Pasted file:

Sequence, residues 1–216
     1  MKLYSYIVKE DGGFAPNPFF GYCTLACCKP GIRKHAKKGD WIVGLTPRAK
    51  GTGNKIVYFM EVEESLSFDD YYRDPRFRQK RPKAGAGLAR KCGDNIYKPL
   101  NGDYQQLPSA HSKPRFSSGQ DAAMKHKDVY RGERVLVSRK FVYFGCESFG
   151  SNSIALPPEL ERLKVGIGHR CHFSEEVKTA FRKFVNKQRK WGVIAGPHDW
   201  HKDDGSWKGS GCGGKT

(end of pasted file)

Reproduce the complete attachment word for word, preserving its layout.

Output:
Sequence, residues 1–216
     1  MKLYSYIVKE DGGFAPNPFF GYCTLACCKP GIRKHAKKGD WIVGLTPRAK
    51  GTGNKIVYFM EVEESLSFDD YYRDPRFRQK RPKAGAGLAR KCGDNIYKPL
   101  NGDYQQLPSA HSKPRFSSGQ DAAMKHKDVY RGERVLVSRK FVYFGCESFG
   151  SNSIALPPEL ERLKVGIGHR CHFSEEVKTA FRKFVNKQRK WGVIAGPHDW
   201  HKDDGSWKGS GCGGKT